Grand things happen in the Grand Canyon State. Not only does Arizona hold claim on that huge scenic hole in the ground, it also is home to a lengthy, and unique, hike across the state — from the border with Mexico to the border with Utah — a trek of some 817 miles.
Back before there were state borders and official trails, Native Americans created trails all over this territory, marveling at its pristine forests and clear mountain streams and stressing the relationship between man and nature. As Chief Qwatsinas of the Nuxalk Nation acknowledged: “We must protect the forests for our children and for those who can’t speak for themselves, the birds, animals, fish, and trees.”
This indigenous respect-for-nature philosophy was eloquently summed up by Luther Standing Bear of the Oglala Sioux when he said, “The American Indian is of the soil, whether it be the region of the forests, plains, pueblos, or mesas…he fits into the landscape.”
There is a certain irony therefore that the Arizona National Scenic Trail that traverses the state’s topo map from bottom-to-top runs adjacent to and/or parallel with acreage of Arizona’s 22 federally-recognized tribes — while not overlapping any actual Native American ground.
“The fact it’s not on any tribal land surprises most people,” acknowledges Arizona Trail Association spokeswoman Terri Gay. Her boss, ATA Executive Director Dave Hicks adds: “Trail planners pretty much laid out the general route as a central corridor across the state, staying within National Forest lands as much as possible.”
However, because nature belongs to us all, Native American and those without tribal affiliation, all get to share this outdoor majesty. An early advocate of wilderness preservation and one of America’s most famous hikers, naturalist John Muir, advised: “Walk away quietly in any direction and taste the freedom of the mountaineer. Climb mountains and get their good tidings. Keep close to nature’s heart. Spend time in the woods. Nature’s peace will flow into you as sunshine flows into trees.”
The alluring border-to-border path is meant for everyone as long as your method of transport is non-mechanical — hikers, trail runners, mountain bikers, and equestrians. As of today, 99 percent of the trail is complete and many have hiked it, pedaled it, or hoofed it in advance of its official ribbon cutting in February 2012 when Arizona celebrates 100 years of statehood.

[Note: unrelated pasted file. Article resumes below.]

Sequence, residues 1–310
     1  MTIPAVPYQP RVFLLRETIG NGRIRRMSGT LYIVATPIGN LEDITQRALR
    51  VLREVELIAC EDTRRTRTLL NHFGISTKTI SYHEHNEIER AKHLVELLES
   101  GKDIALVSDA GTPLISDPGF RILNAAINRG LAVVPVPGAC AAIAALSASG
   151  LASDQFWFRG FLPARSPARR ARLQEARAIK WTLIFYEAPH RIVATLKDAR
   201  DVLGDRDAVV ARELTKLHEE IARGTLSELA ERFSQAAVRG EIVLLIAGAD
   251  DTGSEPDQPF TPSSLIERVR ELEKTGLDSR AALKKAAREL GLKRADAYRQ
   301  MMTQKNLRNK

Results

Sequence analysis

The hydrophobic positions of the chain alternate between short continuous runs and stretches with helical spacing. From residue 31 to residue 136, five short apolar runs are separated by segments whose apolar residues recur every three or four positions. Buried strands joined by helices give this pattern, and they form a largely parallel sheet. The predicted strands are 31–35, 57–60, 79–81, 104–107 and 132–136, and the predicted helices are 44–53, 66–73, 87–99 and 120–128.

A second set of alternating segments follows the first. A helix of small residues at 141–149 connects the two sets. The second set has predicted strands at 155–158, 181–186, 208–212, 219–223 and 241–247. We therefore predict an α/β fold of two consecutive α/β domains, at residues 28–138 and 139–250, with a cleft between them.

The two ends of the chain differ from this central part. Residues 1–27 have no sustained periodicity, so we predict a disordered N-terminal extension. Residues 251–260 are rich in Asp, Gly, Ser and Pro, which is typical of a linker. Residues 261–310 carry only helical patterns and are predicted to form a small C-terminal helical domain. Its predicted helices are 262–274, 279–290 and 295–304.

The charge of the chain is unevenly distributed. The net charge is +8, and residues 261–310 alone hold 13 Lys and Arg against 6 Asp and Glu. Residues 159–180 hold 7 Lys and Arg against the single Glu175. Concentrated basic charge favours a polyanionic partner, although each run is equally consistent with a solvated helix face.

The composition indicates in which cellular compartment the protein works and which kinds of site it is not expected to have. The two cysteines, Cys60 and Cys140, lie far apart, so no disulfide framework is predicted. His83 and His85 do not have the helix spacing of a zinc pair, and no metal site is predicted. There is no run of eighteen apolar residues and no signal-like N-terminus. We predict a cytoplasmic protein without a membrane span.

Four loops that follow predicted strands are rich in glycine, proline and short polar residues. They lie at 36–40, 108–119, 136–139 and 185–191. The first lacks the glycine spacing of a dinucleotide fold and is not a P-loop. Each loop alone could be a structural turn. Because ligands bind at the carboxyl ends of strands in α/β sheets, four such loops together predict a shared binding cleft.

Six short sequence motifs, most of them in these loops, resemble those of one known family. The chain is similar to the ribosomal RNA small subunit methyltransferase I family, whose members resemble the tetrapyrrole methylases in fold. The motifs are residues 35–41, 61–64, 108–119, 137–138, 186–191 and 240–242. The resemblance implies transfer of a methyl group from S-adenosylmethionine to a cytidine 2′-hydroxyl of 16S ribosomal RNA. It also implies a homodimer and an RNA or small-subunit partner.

A special Outdoor Centennial Celebration in advance of all the fanfare is being held from mid-September till the end of October when groups of four or more are invited to either tackle the full trail or cover one or more of 100 sections over the 6 week period.
“This trail is eye candy, a treasure beyond belief, the granddaddy of the state’s hiking paths, and ranks as one of the premier trails in the U.S.,” says former Arizona Trail Association President Jan Hancock. “Much as the Appalachian Trail that started some 75 years ago has become one of America’s most renowned outdoor experiences in the East, the Arizona Trail will become the shining jewel in the West.”
As wide as four feet near urban sites — and as narrow as 18 inches in rural countryside — it covers a vast span of diversified topography, a roller-coaster route from a low-altitude of just under 2,000 feet to almost 10,000 feet near Flagstaff’s San Francisco Peaks. The primitive long-distance pathway is a naturalist’s dream, passing through seven mountain ranges and two-thirds of Arizona’s national forests and providing biological, geological, and climatological diversity along the way.
Dale Shewalter, who initially conceptualized the trail concept in 1985, called it, “A path through the great Southwest, a diverse track through wood and stone.”
Referring to the trail as “the state’s best day hike,” many have chosen not to wait for an official proclamation before kicking up trail dust. Some have walked the full length, others are close to accomplishing that goal, and still others take it one stretch at a time in day-trip increments. “I do chunks of it here and there,” says 85-year-old Don Fletcher of Tucson, who tries to tackle short segments once a week.
Some, like Tucsonan David Baker, have walked the entire length…in his case, 38 actual walking days averaging 21 daily miles. “It’s an incalculably valuable gift to those who love the outdoors, an elegant line that travels through a heavily populated state and still goes across a lot of empty, gorgeous country in the process. When it comes to beauty, you’ll be amazed and delighted by the many delights you had no idea even existed. As for solitude and time for reflection, many passages are devoid of people and allow solo days for minds to flush out mental clutter.”
While Baker spent a lot of time hiking with his head down to keep an eye on footing, he did see, hear — and frequently come close to stepping on — a plethora of wildlife. “Deer, coyotes, antelope, and elk were plentiful as were sightings of all sorts of raptors, some screech owls, a golden eagle, and campsites patrolled by curious hummingbirds. Less frequent observations included desert tortoises, rattlesnakes, and a big tom turkey.”
Ken Jackson, a 60-year-old Kingman doctor, was the first reported horseback rider to complete the trip. “I wanted to be a trail blazer and although I’ve now been-there/done-that, I’d do it again because it was so much fun.”
Southern Arizona two-wheel enthusiast Scott Morris liked the idea of thru-biking so much he did it twice, an initial 25 day trek and a repeat trip that set a land speed record of 7 days, 8 hours. In some areas, like the Grand Canyon, cyclists disassemble their bikes and hike little-used walkways before they resume making tire tracks. “I crossed the canyon with my bike on my back in a single day,” he says.